This is the first in a three-part interview with the Author, Loretta Boyer McClellan:
What motivated you to write Misthaven of Maine?
Loretta Boyer McClellan: I’ve written magazine and newspaper articles, poetry, lyrics, as well as blog and marketing/marcom content throughout my career. I’ve also been an avid journal and letter writer, personally; however, approaching fiction seemed this elusive triumph that was always just out of reach to consider, until something within me changed. Life experience changed my approach. It was like a light switch: one day it wasn’t a consideration, and the next day the light switch flipped on. Suddenly it was a defined goal to achieve that seemed not just surmountable, but a very focused endeavor!
Writing fiction became a challenge that I wanted to achieve and succeed in, as I was seeking creative options. I suppose the same way that writing lyrics was not something I thought I’d ever do, then somehow, the words just came during a period of growth in my life. When the words were put to music and one of the songs won an award, it was a wonderful surprise! The experience in writing Misthaven of Maine has also been full of wonderful surprises. Writing fiction is much more creative than writing a feature story or a news article, working within the parameters and constraints of reality. The joy of watching the story unfold is like nothing else I’ve ever done. I’m hooked!
Speaking of your writing process, what is involved?
Loretta Boyer McClellan: I first start out with an idea, as I suspect most authors do. It can come from many sources—even a single thought—but primarily the foundation of ideas for Misthaven of Maine in particular was built upon life experience. I then write an outline, adding as much detail as I can, but allowing for an evolution and freedom to change and adapt, as inspiration and ideas come along during the writing process—quite profusely at times, in fact.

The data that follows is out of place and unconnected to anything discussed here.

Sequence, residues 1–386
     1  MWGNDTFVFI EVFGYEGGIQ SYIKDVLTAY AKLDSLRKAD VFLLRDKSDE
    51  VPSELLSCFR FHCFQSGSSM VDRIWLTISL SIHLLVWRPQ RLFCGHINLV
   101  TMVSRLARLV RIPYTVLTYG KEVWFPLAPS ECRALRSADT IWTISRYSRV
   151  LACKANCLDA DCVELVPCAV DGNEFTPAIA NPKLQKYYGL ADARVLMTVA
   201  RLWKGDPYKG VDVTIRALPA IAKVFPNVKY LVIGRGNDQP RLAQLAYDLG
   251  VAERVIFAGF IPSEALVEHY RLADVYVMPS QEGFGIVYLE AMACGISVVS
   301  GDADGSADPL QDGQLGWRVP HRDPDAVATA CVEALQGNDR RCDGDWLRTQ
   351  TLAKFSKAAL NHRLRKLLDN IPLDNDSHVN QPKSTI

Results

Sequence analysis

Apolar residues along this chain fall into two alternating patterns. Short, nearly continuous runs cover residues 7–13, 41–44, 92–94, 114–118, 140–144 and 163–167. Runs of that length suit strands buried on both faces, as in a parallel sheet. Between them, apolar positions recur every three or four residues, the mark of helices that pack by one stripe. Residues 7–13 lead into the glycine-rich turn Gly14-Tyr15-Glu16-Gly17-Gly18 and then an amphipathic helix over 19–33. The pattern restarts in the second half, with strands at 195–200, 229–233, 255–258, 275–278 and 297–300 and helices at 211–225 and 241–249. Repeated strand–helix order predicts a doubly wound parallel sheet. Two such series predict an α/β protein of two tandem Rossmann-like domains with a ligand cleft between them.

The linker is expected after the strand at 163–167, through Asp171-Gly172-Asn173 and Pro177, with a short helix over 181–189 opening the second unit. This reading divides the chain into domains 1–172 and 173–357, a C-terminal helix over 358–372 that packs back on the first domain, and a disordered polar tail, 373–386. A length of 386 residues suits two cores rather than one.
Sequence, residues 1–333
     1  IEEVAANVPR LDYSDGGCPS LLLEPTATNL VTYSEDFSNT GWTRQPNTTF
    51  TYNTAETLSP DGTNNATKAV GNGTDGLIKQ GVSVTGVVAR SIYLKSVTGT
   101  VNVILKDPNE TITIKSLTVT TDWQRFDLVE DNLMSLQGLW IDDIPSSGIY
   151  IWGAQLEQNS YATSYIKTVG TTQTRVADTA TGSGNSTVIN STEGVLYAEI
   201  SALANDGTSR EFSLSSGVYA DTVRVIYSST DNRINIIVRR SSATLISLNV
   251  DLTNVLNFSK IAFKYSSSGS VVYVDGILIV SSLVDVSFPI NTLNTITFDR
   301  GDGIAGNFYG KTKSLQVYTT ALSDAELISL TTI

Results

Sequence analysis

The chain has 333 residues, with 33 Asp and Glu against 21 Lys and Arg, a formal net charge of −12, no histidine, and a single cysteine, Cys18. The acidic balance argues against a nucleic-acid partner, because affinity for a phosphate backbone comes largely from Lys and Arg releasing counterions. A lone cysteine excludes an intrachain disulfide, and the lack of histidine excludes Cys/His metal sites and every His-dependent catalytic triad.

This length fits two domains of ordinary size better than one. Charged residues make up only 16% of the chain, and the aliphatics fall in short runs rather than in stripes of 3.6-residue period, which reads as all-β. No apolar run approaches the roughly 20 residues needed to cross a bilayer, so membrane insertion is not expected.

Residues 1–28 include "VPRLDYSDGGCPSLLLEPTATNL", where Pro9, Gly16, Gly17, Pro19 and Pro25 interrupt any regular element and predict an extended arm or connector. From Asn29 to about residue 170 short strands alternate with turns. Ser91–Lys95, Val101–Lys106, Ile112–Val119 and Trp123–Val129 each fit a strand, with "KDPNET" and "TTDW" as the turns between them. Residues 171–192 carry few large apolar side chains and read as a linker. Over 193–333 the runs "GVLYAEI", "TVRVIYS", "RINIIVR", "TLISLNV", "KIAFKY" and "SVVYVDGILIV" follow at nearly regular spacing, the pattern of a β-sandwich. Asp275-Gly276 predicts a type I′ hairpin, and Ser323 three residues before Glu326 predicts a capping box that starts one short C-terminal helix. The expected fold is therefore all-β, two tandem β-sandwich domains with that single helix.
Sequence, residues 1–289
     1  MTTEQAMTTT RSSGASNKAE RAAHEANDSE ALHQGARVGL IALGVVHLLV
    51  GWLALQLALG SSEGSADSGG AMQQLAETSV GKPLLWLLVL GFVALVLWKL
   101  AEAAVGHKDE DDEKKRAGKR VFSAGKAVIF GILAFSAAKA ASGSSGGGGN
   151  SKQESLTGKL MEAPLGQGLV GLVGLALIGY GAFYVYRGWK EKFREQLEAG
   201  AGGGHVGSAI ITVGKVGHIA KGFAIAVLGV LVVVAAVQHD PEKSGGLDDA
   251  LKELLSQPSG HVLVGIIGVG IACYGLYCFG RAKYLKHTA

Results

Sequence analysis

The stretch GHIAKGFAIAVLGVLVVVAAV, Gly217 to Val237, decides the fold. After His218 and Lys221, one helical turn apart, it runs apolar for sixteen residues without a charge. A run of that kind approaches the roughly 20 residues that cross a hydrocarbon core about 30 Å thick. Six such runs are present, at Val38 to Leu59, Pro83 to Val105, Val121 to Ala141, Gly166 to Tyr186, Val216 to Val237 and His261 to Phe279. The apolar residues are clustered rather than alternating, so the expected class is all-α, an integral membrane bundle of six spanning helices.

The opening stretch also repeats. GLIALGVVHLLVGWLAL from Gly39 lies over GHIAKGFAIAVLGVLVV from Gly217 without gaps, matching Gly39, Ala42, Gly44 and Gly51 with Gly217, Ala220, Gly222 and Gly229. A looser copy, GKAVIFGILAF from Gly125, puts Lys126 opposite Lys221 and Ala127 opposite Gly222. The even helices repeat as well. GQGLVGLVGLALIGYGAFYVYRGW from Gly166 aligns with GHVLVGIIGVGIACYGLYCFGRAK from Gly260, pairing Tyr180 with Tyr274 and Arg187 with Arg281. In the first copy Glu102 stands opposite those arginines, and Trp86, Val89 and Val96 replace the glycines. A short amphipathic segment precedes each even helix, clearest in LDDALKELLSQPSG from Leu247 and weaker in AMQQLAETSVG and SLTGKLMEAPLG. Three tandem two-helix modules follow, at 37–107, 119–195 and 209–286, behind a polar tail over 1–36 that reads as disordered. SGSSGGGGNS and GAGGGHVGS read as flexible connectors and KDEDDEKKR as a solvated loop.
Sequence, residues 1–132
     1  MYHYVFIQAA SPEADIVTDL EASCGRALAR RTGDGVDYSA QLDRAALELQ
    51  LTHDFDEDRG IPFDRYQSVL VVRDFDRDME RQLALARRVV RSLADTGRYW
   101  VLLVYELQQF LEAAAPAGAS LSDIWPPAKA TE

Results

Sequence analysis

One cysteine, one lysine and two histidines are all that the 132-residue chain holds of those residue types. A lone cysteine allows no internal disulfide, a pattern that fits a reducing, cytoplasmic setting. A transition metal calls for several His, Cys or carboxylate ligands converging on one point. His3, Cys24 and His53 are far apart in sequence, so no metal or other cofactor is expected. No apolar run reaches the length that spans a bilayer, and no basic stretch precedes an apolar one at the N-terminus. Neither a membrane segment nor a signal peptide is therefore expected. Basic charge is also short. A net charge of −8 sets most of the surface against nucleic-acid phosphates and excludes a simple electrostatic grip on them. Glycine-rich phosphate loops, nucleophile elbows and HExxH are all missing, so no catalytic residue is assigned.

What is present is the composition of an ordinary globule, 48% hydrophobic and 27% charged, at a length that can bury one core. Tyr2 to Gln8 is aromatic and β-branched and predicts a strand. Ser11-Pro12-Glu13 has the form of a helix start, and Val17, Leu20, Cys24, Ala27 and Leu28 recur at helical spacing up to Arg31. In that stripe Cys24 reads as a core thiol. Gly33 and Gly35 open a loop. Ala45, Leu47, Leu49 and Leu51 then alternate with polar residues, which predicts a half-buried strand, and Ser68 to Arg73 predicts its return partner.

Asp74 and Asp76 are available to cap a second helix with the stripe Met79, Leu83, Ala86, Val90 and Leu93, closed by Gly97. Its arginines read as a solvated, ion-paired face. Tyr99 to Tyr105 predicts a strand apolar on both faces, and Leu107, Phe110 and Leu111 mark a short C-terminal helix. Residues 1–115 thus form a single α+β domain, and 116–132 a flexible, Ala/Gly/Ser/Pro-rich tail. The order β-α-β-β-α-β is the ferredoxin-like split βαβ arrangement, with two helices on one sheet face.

Like painting, I take breaks. I take a step back from the “canvas” if you will—and come back to view it later with a fresh perspective. For me, this works consistently well. I come back to scenes in the story to build upon later, as ideas come. Just like in a watercolor, where you can overwork an area and ruin the nap of the paper beneath, so too is writing much the same. There is a need to preserve the quality of the work and let go of the unnecessary that clouds the clarity. Hopefully I’ve achieved that.
When I wrote the ending for Misthaven of Maine, I just knew it was the right place to stop. It was an instinctual confirmation, instead of a subjective decision—which was how I expected the ending to be determined. It was yet another surprise in the process for me. Additionally, it was an intentional move to take a stanza in the epigraph from Misthaven of Maine to use for the title of sequel, Misthaven of Maine: Journey to Beyond.
To be continued…
Text, images and logo ©2012, Loretta McClellan; all rights reserved.
Photo, “Old Letter and Quill” by Simon Howden of freedigitalphotos.net; used with permission.